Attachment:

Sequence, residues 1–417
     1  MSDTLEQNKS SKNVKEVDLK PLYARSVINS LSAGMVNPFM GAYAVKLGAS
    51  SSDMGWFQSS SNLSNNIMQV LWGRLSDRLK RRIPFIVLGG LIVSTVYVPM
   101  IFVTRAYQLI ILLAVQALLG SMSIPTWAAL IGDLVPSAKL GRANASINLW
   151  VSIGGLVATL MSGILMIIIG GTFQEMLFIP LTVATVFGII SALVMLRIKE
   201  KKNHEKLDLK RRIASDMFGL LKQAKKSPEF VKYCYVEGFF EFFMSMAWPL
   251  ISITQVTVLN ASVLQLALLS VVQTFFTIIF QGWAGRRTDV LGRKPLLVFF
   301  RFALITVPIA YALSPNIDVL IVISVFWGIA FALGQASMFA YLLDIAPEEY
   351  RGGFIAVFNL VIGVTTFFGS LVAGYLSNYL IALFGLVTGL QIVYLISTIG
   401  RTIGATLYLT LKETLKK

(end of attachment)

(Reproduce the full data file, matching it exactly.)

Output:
Sequence, residues 1–417
     1  MSDTLEQNKS SKNVKEVDLK PLYARSVINS LSAGMVNPFM GAYAVKLGAS
    51  SSDMGWFQSS SNLSNNIMQV LWGRLSDRLK RRIPFIVLGG LIVSTVYVPM
   101  IFVTRAYQLI ILLAVQALLG SMSIPTWAAL IGDLVPSAKL GRANASINLW
   151  VSIGGLVATL MSGILMIIIG GTFQEMLFIP LTVATVFGII SALVMLRIKE
   201  KKNHEKLDLK RRIASDMFGL LKQAKKSPEF VKYCYVEGFF EFFMSMAWPL
   251  ISITQVTVLN ASVLQLALLS VVQTFFTIIF QGWAGRRTDV LGRKPLLVFF
   301  RFALITVPIA YALSPNIDVL IVISVFWGIA FALGQASMFA YLLDIAPEEY
   351  RGGFIAVFNL VIGVTTFFGS LVAGYLSNYL IALFGLVTGL QIVYLISTIG
   401  RTIGATLYLT LKETLKK